Whatever the real story is, that I can never know, my grandmother went to the Juvenile Court in Memphis trying to reach him. No response. Desperate, she took my mom to the storied Porter Leath Orphanage for temporary care. The superintendent there alerted Georgia Tann to my mom’s presence. My mom was the blond, blue eyed kind of baby girl that Tann most coveted for her clients. And so began the pressure on my grandmother to separate her from my mom.
Four days after signing the surrender papers, my grandmother called Georgia Tann’s office trying to get my mother back. “I have friends in New Orleans who will take us in,” she told them. It was to no avail because Tann’s paying customer was already on her way by train from Nogales Arizona to pick up my mom.
My image today comes from a Facebook page titled Memoirs of a Motherless Child. She relates a story about Brooklyn and it’s connection to her own mother there. After her mother’s death, she writes –
I later blamed myself for never being able to meet her, know her, experience her because I didn’t go look for her, as if that would have done any good. She didn’t want to be found not because she didn’t love me (took me years to realize that but my inner child still can’t accept it wholeheartedly) but because she loved me so much she didn’t want to hurt or disappoint me. My inner child could very well be making that up too in order to spare me more hurt and trauma. What still hurts the most is I’ll never know what part of me was/is that part of you. So I’ll continue to travel this endless journey of uncertainty until our energies meet somehow.
I believe that is how my mom felt too because by the time she tried to find her mother, her mother was only somewhat recently deceased. That devastated my mom. Now that my own mom has also died, I believe she was reunited with the mother who never gave up hoping she would see her precious daughter again as well. So much sadness when a mother and her child are separated.
Both of my parents were adopted. So the grandparents I grew up with in my childhood were never actually related to me. They were influential though. The two people shown above often cared for me and my sisters over weekends. I think mostly to get us into their church, the Church of Christ, as contrasted with the church our mom was raising us in, the Episcopal church. My dad didn’t go to church at the time. He worked shift work in a refinery, often double shifts, and so was mostly asleep when he wasn’t at work, except for meals. Maybe he would watch a little TV or read a news magazine or the local paper.
My mom conceived me while she was still in high school and my dad had just started at the university out of town. I think these two people shown above made certain my dad quit his dreams of a higher education and married my mom and went to work to support his young family. Not that he didn’t want to marry my mom. They were married over 50 years until death did them part and they died only 4 months apart. My dad’s adoptive parents insisted I have a biblical name to save my damaged soul because of my illegitimate conception.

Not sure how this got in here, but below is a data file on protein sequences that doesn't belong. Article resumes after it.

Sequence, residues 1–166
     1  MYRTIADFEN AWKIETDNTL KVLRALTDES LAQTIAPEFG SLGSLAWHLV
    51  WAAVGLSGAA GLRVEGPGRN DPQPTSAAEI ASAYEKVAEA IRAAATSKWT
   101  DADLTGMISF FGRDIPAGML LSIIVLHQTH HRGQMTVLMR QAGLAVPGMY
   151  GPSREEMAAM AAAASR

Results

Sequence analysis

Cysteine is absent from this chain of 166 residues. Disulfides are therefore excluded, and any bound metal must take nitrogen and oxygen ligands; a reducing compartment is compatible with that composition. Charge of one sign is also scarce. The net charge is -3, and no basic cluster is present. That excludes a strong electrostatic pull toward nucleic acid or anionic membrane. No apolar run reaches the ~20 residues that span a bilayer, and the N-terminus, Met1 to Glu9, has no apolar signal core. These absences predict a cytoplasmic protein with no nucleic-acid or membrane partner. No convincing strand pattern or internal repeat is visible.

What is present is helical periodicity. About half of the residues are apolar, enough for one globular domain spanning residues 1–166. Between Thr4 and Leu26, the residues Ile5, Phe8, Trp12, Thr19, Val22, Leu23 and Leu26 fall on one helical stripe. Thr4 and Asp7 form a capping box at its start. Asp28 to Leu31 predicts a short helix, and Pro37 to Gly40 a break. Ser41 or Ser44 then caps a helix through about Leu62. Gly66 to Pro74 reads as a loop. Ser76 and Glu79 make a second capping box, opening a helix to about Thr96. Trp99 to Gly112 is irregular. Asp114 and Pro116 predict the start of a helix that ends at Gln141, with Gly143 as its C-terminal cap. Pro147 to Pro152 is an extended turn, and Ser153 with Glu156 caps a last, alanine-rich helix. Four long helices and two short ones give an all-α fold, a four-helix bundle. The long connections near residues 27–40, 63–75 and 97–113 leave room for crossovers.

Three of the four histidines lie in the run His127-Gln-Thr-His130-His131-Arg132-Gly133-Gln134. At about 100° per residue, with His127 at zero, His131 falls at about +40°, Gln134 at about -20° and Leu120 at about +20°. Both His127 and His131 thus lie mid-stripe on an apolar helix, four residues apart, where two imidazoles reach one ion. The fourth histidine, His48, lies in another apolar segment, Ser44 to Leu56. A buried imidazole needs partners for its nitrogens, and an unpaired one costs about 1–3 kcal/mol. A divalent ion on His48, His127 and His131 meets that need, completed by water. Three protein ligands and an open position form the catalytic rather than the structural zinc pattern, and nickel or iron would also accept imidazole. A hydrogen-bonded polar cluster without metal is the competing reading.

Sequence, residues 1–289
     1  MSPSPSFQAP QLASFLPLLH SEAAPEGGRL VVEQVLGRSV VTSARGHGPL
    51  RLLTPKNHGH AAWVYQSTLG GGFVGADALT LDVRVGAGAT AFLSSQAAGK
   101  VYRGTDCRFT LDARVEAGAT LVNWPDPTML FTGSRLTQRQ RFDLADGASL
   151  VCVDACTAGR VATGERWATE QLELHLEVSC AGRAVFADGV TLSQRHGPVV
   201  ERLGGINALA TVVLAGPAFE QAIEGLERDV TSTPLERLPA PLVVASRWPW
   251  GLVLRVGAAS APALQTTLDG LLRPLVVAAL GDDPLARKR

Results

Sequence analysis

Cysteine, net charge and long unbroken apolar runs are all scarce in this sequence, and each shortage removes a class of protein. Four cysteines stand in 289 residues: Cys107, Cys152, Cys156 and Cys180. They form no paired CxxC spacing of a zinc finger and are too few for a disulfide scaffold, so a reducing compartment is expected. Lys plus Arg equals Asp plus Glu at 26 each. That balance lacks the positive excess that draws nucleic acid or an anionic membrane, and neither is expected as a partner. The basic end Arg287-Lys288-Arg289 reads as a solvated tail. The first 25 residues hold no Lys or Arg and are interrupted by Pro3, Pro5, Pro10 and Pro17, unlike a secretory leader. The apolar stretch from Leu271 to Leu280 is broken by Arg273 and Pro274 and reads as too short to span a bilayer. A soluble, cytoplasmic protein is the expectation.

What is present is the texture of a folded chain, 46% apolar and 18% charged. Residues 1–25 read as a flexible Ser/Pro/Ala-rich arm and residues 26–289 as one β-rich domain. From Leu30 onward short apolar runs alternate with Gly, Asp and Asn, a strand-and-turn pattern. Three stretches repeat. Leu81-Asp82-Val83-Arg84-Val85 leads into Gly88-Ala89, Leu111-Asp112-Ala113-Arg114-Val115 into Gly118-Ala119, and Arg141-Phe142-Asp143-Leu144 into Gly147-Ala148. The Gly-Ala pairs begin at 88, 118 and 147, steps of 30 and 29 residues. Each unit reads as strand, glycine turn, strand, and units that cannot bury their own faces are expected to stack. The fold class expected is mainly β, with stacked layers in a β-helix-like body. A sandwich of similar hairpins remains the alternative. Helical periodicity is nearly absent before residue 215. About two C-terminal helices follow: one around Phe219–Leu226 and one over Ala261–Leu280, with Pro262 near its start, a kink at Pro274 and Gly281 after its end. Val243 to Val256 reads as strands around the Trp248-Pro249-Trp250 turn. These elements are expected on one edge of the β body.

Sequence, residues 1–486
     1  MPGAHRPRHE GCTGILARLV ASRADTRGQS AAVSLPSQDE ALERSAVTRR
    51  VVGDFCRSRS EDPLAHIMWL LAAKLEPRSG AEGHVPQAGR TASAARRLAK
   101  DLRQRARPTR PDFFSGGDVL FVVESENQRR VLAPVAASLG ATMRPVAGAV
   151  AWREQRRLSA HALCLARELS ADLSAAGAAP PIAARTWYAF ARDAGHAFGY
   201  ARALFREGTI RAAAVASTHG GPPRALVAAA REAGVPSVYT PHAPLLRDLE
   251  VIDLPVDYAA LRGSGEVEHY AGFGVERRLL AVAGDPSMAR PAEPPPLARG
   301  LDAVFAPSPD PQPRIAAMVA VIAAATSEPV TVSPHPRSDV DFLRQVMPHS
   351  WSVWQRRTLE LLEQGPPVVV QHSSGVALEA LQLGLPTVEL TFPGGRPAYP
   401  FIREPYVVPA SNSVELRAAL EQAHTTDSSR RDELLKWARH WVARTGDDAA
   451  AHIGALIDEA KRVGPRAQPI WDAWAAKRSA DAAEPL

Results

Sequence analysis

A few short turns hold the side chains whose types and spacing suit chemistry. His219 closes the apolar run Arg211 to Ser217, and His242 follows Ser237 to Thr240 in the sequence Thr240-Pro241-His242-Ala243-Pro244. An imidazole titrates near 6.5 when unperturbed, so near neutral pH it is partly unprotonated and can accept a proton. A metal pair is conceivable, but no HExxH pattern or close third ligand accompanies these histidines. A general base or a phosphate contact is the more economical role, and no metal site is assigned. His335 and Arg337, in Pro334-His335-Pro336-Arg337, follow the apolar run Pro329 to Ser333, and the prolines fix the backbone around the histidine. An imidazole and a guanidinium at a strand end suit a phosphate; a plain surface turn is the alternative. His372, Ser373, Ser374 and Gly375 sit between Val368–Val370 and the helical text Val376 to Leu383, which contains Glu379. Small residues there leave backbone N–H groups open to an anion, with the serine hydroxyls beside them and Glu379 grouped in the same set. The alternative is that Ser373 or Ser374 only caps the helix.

All of my grandparents had already died – and in fact my parents had already died as well – when I went in search of my original grandparents. Though I doubted I would ever know who my dad’s father was because his mother was unwed and he was given her maiden name at birth. I do now know who ALL 4 of my original grandparents were, their names and their ancestry. I didn’t expect, that in learning who my original grandparents were, I would in effect “lose” my grandparents (those people who adopted my own parents as infants).
But I did.
Though I know I have a “history” with these people who adopted and raised my parents, they no longer feel like my grandparents. And my true biological and genetic grandparents have taken their place in my heart and imagination, even though I have scant knowledge (but some) of these people whose genes are in me and helped create who I am at the level of physicality. I have connected with some cousins who share the same original grandparents and what I know of my original grandparents is thanks to anything they have shared with me about these people.
I don’t love the people who raised my parents any the less but they are so far back in my own past now. Though I had occasional interactions with them up until their deaths, as living people they are receding for me. They are fading . . .
My original grandparents didn’t lose my parents due to anything worse than poverty and a lack of family support. That doesn’t say much for my parents own original grandparents, who did not seem to care about my parents very much. I’ve only heard that my mom mattered to her dad, which was a happy surprise for me and quickly warmed my heart towards that man. My dad’s father probably never even knew he existed. His mom was self-reliant and he was a married man, so she just handled it alone.
It is strange. I was robbed of my original grandparents by the Great Depression, Georgia Tann and the Salvation Army. Both of my grandmothers eventually re-married. If they could have been sustained somehow, I know they would have raised their children because every indication is that they loved their babies and mourned their loss until they died.
Nothing makes up for these losses really but at least, I do know where I came from – which is more than my parents knew. They died completely ignorant of who their own original parents were. And that is very sad.
Modern life can be very isolating. In adoption circles, it is recognized that the reason many parents, and especially single mothers, lose custody of their child is a lack of support – financial, familial and mental health.